2 UNFORTUNATE 2 TRAVEL: A Preview with Zach Weinberg (Prop Thtr)

By Cesar Gonzales | cesar@viastage.com

2u2tCHICAGO (March 17, 2019) — 2 UNFORTUNATE 2 TRAVEL (Prop Thtr through April 15th) aims to treat you to a variety show-like experience as you “travel” with the cast and emcee through Europe, and encounter funny misfortunes and curious ways out of them.

To devise this experience, director Zach Weinberg collaborated with many individuals, including the cast, to invent the characters and write each of the scenes, loosely based on the book The Unfortunate Traveller written by Thomas Nashe in 1594. As a result of this extreme form of collaborative brainstorming, the actors in this show are naturally much more invested in their characters and scenes – a performance quality that should be palpable on stage.

But through the laughter, you may find yourself pondering the very privilege of travelling and how privilege plays into our everyday lives.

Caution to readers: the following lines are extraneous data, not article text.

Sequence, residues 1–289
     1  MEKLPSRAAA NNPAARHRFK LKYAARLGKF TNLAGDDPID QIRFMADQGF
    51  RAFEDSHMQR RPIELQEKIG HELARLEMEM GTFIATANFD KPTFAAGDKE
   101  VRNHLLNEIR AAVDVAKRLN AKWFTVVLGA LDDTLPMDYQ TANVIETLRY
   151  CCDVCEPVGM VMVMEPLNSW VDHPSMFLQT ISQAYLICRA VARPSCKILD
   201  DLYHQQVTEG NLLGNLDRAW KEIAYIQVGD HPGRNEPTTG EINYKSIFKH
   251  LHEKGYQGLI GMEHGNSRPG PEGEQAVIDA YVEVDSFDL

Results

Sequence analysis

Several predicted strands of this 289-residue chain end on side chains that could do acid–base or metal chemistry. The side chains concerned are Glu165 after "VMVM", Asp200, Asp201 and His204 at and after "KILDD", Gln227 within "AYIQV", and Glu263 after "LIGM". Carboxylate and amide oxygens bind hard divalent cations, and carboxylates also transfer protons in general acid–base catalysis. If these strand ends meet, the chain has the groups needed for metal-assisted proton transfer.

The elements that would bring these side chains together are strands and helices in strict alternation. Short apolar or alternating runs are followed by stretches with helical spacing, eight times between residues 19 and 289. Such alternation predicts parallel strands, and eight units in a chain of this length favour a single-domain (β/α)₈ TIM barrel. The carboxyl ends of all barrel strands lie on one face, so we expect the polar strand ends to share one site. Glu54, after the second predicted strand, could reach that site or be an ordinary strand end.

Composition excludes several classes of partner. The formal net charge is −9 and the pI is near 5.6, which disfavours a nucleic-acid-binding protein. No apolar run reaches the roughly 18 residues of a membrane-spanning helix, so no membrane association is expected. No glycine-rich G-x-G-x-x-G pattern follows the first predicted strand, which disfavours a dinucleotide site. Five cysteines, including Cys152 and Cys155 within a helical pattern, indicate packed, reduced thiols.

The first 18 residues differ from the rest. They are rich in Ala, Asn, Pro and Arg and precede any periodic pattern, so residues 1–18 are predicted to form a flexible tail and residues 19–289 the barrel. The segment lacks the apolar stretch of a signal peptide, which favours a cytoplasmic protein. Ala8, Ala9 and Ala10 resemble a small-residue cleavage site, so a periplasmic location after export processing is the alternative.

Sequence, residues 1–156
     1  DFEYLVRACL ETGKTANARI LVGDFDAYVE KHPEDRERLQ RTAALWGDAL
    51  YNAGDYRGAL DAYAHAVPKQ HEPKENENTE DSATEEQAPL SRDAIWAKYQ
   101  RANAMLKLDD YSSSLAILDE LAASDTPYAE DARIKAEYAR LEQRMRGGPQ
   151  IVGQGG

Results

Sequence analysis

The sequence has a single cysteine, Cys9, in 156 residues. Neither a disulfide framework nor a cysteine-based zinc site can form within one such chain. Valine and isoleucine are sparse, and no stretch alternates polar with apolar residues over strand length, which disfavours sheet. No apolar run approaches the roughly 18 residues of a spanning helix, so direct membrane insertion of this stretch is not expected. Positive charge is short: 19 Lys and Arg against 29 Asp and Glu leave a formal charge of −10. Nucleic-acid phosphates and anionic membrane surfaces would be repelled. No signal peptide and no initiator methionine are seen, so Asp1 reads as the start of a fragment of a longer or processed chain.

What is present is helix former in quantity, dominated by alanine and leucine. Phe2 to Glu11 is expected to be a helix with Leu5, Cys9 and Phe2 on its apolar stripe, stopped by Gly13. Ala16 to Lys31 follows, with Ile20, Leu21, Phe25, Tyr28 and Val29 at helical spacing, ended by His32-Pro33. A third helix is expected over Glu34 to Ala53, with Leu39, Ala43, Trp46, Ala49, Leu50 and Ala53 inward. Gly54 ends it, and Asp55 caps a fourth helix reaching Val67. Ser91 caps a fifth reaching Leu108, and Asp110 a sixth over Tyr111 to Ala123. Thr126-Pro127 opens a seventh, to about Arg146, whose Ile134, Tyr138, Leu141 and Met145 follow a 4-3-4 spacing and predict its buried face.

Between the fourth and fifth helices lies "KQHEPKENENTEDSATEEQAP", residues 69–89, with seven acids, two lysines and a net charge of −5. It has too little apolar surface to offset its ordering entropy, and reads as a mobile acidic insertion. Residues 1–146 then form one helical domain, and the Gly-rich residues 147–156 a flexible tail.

The following is an excerpt of my interview with director Zach Weinberg.

VS: The synopsis strongly suggests this project aims to be a fun and engaging comedy, but what are some themes the audience can walk away thinking about?

ZW: A part of what this show does is… leads with laughter. So we are really trying to bring people in… with this promise of taking a vacation, of getting away from the “everyday”, of something that is funny and diverting… and while it stays entertaining and funny, becomes a show about the blindness of privilege and the blindness of white male privilege in particular, and asks a lot of questions about, well, who’s allowed to have these luxuries, who’s allowed to have vacations, who’s allowed to stop thinking about the news…

… the thing about privilege is that whether we have it or not… and whether we like it or not, it is something that infuses what we have to deal with every day… the power that people have intrinsically, based on their identity and social status, and the way in which they wield that power, and the way in which they expect that they should move around the world and the world should move around them, really is at the cause of not just so much of what is wrong with what is happening today but just everything… it really flows through the news and we have to not necessarily just, I think, call people out on their privilege and ask them to understand how they’re using it, … but we have to understand the way in which the system that creates privilege affects our worth.